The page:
“What are you smiling for?” Arthur looked a little confused.
“Oh, nothing,” replied Matt. “I’d be in my room if Father asks.”
Before Matt could hightail out, Arthur stopped him. “Speaking of Father, he instructed that you go down to the barrack and help out with the soldiers. New recruits. Seeing that you have nothing better to do—his words, not mine—you should go do whatever you can to ensure that the soldiers settle in nicely. Can’t send them off to war with sore bodies, can we now?”
“...That’s awfully suggestive of you.” Matt wrinkled his nose.
“Wasn’t asking for your opinion.” Arthur rolled his eyes. “Go before Father comes out. When you get to the barrack, go find Clay. He’s the instructor. ”
Begrudgingly, Matt nodded. Inside the room, his father’s voice crackled like thunder, trying to devise a plan to end all war. Arthur sighed, shook his head, and clapped Matt on the should as he walked away without another word. Matt wondered if Arthur was feeling sad for the soldiers.
The barrack was only a short distance walk away from the city’s buzzing tavern. The old lady, Cardinal, who founded the tavern, certainly had thought of the soldiers when she built the tavern. After all, what did a soldier want more than a cold beer at the end of a long day? If Matt had time, he decided he would stop by the tavern on the way back. That place was a breeding ground for gossips. If Arthur ever wanted to know how much fur George’s pregnant dog Candy had shed, the tavern was the place to go.
But amid everything else, Matt was really interested in only two things: news from the front and Raven, the pseudonym Matt had adopted as a writer. The old lady at the tavern had been kind enough to accept his stories and granted him a place in the tavern newspaper. People liked his story, she had told him once after he had sent her the sixth chapter. He should keep writing. However, she wasn’t as smitten with him the first time they met. In fact, she had been like a block of ice slapped in his face.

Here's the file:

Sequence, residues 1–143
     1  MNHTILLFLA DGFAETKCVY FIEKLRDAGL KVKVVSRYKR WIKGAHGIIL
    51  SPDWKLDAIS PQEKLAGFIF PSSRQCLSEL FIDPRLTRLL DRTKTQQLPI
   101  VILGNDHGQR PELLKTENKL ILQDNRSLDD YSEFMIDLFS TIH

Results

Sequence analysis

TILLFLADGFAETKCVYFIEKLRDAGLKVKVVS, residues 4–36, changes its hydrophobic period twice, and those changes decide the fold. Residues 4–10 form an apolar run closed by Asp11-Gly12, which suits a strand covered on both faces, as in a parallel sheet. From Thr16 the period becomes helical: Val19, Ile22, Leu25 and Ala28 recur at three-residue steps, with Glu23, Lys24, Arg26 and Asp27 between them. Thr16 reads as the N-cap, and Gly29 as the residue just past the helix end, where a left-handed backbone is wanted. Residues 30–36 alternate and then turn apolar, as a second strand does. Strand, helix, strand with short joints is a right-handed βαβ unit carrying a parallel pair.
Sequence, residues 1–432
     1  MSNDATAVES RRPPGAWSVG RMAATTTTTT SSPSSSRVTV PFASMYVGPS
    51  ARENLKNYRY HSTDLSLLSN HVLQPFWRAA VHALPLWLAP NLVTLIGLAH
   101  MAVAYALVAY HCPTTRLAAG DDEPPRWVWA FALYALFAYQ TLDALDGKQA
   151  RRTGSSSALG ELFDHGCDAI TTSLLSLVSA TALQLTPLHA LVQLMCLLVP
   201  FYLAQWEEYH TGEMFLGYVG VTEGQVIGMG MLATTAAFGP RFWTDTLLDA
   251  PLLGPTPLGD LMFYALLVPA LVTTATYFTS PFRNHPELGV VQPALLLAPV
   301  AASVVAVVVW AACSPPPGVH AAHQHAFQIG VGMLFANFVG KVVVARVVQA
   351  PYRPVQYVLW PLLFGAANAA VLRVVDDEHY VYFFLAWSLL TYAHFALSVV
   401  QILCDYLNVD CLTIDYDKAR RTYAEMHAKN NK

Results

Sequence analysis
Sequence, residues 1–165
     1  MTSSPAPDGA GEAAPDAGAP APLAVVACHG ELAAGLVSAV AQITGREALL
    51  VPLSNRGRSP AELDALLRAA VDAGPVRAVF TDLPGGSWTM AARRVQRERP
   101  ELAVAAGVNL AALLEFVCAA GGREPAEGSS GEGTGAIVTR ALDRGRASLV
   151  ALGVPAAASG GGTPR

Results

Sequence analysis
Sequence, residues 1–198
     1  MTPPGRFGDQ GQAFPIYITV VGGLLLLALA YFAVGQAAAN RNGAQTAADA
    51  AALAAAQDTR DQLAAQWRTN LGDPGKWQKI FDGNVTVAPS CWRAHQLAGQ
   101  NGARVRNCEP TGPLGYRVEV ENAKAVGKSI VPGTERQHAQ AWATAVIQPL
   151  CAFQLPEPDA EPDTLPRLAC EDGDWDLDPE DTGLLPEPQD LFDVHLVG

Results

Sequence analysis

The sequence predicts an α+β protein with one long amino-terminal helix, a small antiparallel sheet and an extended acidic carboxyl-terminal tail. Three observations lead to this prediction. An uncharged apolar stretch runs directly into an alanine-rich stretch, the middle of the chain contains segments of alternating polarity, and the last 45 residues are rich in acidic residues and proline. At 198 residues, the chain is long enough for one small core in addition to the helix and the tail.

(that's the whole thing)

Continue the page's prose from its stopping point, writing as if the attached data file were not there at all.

“What was a prince like you doing writing stories?” she had asked. “Is this the king’s way of integrating his sons into society? Trying to be like us? No, he doesn’t care about our children at all. Sending them all off to war while his sons stay home safe, talk politics and write stories. Ha. Imagine that.” She had gone off muttering her grievances, all the while glowering bitterly at him.
“I’m not my father,” Matt had replied, cutting her off. “He doesn’t know I’m doing this.”
She had glanced at him for a long minute before snatching the parchment off the table, glanced at it, pursed her lips and said, “Fine. I’ll take it. See if the customers like it. If not, I’ll burn it.”
“Just ‘thanks’? Should I at least get a ‘thank you, ma’am’?”
“Thank you, ma’am.”
She crossed her arms. “’Ma’am’? You think it’s okay to call me ‘ma’am’ just because I’m old? No, that sound way too old. I don’t like it.”
“Thank you, miss.”
Her eyes had narrowed. “Call me Cardinal. If you call me anything else, I’ll burn your paper then make you drink it.”
Now that Matt thought about it, that was a little disturbing. But that was Cardinal. Cardinal was her own person with her own sense of humor—or what Matt hoped was humor—developed through years of solitude. Her husband and son had served and died on the front. The front eats people, she’d said. The front was a monster itself, swallowing both sides in a merciless gulp like patrons downing their mugs of ale without pausing to savor the taste. She blamed Matt’s father for the death of her family. She used to blame Matt but not anymore; she’d told him that he wasn’t like his father and he, therefore, should not bear the sins. Matt wasn’t sure if he should feel relieved.